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dc.contributor.authorRodríguez Carballeira, Álvarocat
dc.contributor.authorJavaloy, Federicocat
dc.description.abstractThis article studies alterations in the values, attitudes, and behaviors that emerged among U.S. citizens as a consequence of, and as a response to, the attacks of September 11, 2001. The study briefly examines the immediate reaction to the attack, before focusing on the collective reactions that characterized the behavior of the majority of the population between the events of 9/11 and the response to it in the form of intervention in Afghanistan. In studying this period an eight-phase sequential model (Botcharova, 2001) is used, where the initial phases center on the nation as the ingroup and the latter focus on the enemy who carried out the attack as the outgroup. The study is conducted from a psychosocial perspective and uses "social identity theory" (Tajfel & Turner, 1979, 1986) as the basic framework for interpreting and accounting for the collective reactions recorded. The main purpose of this paper is to show that the interpretation of these collective reactions is consistent with the postulates of social identity theory. The application of this theory provides a different and specific analysis of events. The study is based on data obtained from a variety of rigorous academic studies and opinion polls conducted in relation to the events of 9/11. In line with social identity theory, 9/11 had a marked impact on the importance attached by the majority of U.S. citizens to their identity as members of a nation. This in turn accentuated group differentiation and activated ingroup favoritism and outgroup discrimination (Tajfel & Turner, 1979, 1986). Ingroup favoritism strengthened group cohesion, feelings of solidarity, and identification with the most emblematic values of the U.S. nation, while outgroup discrimination induced U.S. citizens to conceive the enemy (al-Qaeda and its protectors) as the incarnation of evil, depersonalizing the group and venting their anger on it, and to give their backing to a military response, the eventual intervention in Afghanistan. Finally, and also in line with the postulates of social identity theory, as an alternative to the virtual bipolarization of the conflict (U.S. vs al-Qaeda), the activation of a higher level of identity in the ingroup is proposed, a group that includes the United States and the largest possible number of countries¿ including Islamic states¿in the search for a common, more legitimate and effective solution.eng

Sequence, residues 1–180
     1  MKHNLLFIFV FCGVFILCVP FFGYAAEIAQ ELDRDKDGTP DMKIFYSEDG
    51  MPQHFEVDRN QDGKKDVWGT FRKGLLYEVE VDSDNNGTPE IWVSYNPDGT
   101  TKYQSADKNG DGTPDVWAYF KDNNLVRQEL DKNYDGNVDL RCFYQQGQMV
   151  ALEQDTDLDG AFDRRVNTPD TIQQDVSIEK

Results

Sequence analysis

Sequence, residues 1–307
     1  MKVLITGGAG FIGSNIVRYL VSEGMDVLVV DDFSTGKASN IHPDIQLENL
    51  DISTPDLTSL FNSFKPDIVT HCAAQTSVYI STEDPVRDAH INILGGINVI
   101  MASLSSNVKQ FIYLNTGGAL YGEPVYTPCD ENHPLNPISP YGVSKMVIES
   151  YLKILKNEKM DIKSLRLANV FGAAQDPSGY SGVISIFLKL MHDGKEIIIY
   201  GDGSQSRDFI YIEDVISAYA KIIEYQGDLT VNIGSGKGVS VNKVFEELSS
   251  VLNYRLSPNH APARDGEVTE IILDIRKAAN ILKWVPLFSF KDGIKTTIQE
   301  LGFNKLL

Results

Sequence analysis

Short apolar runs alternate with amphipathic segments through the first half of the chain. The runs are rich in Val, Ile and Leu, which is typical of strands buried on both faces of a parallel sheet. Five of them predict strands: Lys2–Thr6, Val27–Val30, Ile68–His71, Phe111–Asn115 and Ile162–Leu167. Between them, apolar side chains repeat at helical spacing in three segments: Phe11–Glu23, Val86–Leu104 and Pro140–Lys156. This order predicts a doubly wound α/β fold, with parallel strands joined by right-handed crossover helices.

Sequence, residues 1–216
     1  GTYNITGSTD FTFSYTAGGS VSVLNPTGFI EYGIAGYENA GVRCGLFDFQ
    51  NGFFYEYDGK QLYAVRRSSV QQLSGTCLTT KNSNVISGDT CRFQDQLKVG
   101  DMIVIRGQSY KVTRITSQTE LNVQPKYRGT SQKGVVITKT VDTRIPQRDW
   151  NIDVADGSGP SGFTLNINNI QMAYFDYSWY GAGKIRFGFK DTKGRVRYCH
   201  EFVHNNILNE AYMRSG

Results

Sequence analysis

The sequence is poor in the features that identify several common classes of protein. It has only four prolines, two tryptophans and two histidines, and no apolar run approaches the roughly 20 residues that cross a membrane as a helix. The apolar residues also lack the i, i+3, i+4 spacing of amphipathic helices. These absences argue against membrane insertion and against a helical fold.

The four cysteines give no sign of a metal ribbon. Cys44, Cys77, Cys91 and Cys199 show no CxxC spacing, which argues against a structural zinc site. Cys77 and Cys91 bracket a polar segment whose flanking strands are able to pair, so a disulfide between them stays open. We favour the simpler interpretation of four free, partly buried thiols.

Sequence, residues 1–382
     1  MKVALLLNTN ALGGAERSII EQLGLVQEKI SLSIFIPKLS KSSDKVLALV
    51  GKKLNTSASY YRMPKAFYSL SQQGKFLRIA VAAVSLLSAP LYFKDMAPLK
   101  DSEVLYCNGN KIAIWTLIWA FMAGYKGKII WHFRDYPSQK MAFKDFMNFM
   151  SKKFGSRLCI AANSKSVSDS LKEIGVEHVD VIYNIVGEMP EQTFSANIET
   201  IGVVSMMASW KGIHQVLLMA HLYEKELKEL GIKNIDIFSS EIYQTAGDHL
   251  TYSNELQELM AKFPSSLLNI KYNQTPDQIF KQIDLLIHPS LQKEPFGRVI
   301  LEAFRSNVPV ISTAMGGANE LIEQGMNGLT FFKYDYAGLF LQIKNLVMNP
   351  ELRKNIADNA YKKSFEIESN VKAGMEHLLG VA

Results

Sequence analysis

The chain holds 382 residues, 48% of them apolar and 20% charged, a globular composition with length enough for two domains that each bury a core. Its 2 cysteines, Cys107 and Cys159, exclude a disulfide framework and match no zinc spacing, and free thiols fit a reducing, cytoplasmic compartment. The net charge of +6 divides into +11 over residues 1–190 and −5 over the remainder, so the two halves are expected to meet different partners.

dc.format.extent16 p.-
dc.publisherPeace Science Societyeng
dc.relation.isformatofVersió postprint del document publicat a: i
dc.relation.ispartofConflict Management and Peace Science, 2005, vol. 22, núm. 3, p. 201-216-
dc.rights(c) Peace Science Society, 2005-
dc.sourceArticles publicats en revistes (Psicologia Social i Psicologia Quantitativa)-
dc.subject.classificationComportament col·lectiucat
dc.subject.classificationIdentitat col·lectivacat
dc.subject.classificationCategorització (Psicologia)cat
dc.subject.classificationAtemptats terroristes de l'11 de setembre, Estats Units d'Amèrica, 2001cat
dc.subject.otherCollective behavioreng
dc.subject.otherGroup identityeng
dc.subject.otherCategorization (Psychology)eng
dc.subject.otherSeptember 11 Terrorist Attacks, United States, 2001eng
dc.titlePsychosocial analysis of the collective processes in the United States after September 11eng
Appears in Collections:Articles publicats en revistes (Grup de Recerca Invictus Investigació)
Articles publicats en revistes (Psicologia Social i Psicologia Quantitativa)

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